Procedural rendering routines often need pseudorandom numbers. For graphics rendering, we usually prefer correct-ish and fast code over properly "correct" code. My approach to random number generation is usually to intermittently seed a weak pseudo-random number generator, like a linear-feedback shift register, from a stronger source like Javascript's Math.random().

On the GPU, things are not so simple: we want a pseudorandom algorithm that is fast, local, and parallel. For compatibility, we should also have this RNG use an 8-bit RGBA texture for its internal state. Bitops are a bit tricky in WebGL shaders (though not impossible), so we'll use a linear congruential generator.

The linear congruential generator is quite simple: it applies a linear transformation $ax+c$, then takes the remainder modulo some constant $m$.

$$x_{n+1} = (a x_n + c) \operatorname{mod} m$$

Usually, we do this with integers, and $m$ is some prime number. While its possible to interpret the RGBA texture values as storing a byte [0,255] mapped to [0,1], running a weak RNG for each color channel is unsatisfactory. At best, the RNG has a period of 256, since the state stored between updates is effectively a single 8-bit unsigned integer for each color channel.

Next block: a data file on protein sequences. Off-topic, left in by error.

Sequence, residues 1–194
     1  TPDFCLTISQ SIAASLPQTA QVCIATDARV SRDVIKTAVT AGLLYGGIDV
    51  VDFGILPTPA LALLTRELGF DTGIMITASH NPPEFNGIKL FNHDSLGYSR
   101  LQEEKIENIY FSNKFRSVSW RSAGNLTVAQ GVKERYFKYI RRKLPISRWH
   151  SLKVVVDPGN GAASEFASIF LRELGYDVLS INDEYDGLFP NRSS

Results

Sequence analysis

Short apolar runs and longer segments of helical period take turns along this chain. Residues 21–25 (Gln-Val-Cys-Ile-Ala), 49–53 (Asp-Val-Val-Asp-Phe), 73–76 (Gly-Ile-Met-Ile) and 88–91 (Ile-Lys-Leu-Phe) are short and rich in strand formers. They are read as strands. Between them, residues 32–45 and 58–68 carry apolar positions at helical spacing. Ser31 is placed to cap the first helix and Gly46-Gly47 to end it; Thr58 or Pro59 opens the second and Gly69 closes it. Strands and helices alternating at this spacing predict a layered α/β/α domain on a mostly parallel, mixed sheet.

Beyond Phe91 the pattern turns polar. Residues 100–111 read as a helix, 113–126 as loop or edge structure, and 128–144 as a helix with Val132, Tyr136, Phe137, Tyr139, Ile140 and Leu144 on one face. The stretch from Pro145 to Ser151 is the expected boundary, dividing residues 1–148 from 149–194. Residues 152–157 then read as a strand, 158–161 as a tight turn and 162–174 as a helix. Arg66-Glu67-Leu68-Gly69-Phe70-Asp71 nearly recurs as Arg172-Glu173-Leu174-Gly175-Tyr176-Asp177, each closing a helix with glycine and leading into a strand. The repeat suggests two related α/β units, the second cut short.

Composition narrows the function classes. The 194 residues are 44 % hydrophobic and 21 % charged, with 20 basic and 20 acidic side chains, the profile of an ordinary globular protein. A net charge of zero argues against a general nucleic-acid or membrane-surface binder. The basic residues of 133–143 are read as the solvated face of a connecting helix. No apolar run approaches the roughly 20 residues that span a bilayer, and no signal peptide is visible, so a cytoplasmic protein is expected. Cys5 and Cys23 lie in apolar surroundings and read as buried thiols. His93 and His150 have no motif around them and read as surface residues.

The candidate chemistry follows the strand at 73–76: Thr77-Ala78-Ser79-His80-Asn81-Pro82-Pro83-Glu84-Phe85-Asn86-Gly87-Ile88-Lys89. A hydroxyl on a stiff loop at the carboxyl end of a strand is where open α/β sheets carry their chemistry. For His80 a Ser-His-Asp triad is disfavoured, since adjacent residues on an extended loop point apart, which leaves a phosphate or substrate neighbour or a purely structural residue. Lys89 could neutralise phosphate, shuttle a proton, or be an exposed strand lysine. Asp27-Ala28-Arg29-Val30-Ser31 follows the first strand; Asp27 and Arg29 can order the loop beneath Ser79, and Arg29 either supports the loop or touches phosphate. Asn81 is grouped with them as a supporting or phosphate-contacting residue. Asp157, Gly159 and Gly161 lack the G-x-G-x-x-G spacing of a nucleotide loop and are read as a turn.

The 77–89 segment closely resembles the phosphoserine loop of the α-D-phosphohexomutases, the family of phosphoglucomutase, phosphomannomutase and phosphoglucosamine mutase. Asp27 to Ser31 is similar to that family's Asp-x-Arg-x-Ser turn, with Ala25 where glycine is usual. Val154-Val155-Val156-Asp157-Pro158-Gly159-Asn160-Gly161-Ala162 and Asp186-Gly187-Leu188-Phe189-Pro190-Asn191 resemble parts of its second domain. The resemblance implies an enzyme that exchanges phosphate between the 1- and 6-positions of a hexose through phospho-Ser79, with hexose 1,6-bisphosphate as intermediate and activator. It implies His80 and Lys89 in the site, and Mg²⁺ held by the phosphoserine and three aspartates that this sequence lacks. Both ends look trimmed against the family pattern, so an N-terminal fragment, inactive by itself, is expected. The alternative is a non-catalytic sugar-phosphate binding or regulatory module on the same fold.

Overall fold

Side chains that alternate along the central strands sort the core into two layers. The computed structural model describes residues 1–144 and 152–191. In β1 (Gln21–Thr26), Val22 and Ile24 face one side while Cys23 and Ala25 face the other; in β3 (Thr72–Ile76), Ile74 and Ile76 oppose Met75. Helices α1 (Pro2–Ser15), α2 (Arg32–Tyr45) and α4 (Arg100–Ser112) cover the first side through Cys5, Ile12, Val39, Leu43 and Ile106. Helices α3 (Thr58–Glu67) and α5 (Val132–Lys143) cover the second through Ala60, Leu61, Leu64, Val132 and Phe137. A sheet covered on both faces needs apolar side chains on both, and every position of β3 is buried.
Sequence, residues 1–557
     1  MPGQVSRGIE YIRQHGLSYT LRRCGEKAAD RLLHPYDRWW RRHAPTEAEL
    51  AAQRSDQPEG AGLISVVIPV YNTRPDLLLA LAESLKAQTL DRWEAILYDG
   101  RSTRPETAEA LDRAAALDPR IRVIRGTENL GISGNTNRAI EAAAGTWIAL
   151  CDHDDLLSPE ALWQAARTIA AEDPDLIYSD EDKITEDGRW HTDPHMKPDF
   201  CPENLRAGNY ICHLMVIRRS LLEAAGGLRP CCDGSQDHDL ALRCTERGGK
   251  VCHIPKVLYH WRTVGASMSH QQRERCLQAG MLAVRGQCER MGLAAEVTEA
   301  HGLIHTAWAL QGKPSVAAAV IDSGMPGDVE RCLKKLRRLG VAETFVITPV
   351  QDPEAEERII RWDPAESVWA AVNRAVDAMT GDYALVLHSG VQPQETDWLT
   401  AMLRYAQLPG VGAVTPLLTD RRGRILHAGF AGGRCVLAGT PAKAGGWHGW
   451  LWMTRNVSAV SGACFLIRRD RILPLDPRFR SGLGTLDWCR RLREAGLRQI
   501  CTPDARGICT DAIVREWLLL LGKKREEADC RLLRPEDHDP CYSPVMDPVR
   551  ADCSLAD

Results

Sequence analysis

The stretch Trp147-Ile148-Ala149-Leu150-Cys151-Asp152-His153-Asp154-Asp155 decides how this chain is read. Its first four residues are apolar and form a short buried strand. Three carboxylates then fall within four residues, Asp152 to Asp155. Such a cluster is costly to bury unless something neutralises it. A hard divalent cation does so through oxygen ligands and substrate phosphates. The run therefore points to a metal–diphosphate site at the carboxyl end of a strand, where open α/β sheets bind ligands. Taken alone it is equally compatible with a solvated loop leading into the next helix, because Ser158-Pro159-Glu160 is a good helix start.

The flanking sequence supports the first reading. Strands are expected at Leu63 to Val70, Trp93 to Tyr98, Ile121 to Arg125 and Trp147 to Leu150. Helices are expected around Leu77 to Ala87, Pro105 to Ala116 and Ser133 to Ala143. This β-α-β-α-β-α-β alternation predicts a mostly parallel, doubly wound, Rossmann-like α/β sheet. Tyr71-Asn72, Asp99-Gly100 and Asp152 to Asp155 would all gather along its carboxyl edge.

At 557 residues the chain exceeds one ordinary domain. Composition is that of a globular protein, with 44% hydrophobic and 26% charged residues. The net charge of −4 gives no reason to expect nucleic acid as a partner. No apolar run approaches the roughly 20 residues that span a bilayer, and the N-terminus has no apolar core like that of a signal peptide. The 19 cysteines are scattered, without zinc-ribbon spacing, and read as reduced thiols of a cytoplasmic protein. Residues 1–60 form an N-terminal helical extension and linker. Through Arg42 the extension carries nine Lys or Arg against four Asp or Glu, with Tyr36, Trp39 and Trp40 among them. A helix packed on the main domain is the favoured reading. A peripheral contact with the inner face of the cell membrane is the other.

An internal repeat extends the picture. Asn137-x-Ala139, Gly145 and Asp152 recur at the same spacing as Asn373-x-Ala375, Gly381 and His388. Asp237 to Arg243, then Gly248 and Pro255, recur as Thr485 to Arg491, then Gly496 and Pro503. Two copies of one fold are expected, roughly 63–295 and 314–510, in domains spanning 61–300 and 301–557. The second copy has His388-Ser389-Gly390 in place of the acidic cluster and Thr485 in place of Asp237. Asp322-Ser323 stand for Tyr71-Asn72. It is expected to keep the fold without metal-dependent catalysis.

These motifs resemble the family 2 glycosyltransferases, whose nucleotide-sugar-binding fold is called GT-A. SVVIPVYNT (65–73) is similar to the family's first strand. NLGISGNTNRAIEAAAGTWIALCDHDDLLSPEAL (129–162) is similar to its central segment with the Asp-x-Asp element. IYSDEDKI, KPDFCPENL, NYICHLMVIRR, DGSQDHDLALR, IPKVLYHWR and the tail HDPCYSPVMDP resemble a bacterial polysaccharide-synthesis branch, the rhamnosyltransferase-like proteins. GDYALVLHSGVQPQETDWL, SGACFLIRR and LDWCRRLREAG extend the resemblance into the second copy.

Rather than try to interpret the RGBA vec4 as a 32-bit integer, I opted to mix state between adjacent pixels. This turns each channel in the texture into a giant RNG with as much state as you have pixels. I can't make any claims that this is optimal or correct, only that the results are fast and look nice.

Initialize this texture with random values. Set the texture sampling to nearest-neighbor with periodic boundary conditions (and no mipmaps, if it matters). In some instances, you may need to manually implement periodic boundary conditions for non power-of-two sized textures.

Here's the main code. It sums up pixels in the local neighborhood, multiplies them by some random float, then stores them back in the texture modulo 1.0 (that's modulo 256 if we're thinking of the color data as unsigned integers). I forget how I chose the constant for the linear recurrence, but it was almost surely a variant of the "try random things, smash the keyboard, and see what works" algorithm.

void main() { vec2 scale = 1./vec2(W,H); vec4 c0 = texture2D(data,(XY+vec2( 0, 0))*scale); vec4 c1 = texture2D(data,(XY+vec2( 0, 1))*scale); vec4 c2 = texture2D(data,(XY+vec2( 1, 0))*scale); vec4 c3 = texture2D(data,(XY+vec2(-1, 0))*scale); vec4 c4 = texture2D(data,(XY+vec2( 0,-1))*scale); vec3 color = mod((c0+c1+c2+c3+c4).rgb *8.8857658763167322,1.0); gl_FragColor = vec4(color,1.); }

This gives you a uniform RNG for each color channel in the texture to play with. If you want Gaussian distributed data, you can use the Box-Muller transform to convert the (R,G) and (B,A) channels in a pair of Gaussian random numbers each.

This random noise shader is up as an example on the webgpgpu repository. Click on the image below to view an example of Gaussian color noise: